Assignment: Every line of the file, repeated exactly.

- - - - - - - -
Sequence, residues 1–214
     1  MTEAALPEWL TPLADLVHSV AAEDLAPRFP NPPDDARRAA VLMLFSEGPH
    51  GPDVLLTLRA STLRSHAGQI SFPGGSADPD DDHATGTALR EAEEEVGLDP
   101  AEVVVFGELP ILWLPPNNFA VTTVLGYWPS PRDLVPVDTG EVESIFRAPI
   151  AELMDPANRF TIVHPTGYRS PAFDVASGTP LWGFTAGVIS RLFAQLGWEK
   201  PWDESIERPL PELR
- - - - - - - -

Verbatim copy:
Sequence, residues 1–214
     1  MTEAALPEWL TPLADLVHSV AAEDLAPRFP NPPDDARRAA VLMLFSEGPH
    51  GPDVLLTLRA STLRSHAGQI SFPGGSADPD DDHATGTALR EAEEEVGLDP
   101  AEVVVFGELP ILWLPPNNFA VTTVLGYWPS PRDLVPVDTG EVESIFRAPI
   151  AELMDPANRF TIVHPTGYRS PAFDVASGTP LWGFTAGVIS RLFAQLGWEK
   201  PWDESIERPL PELR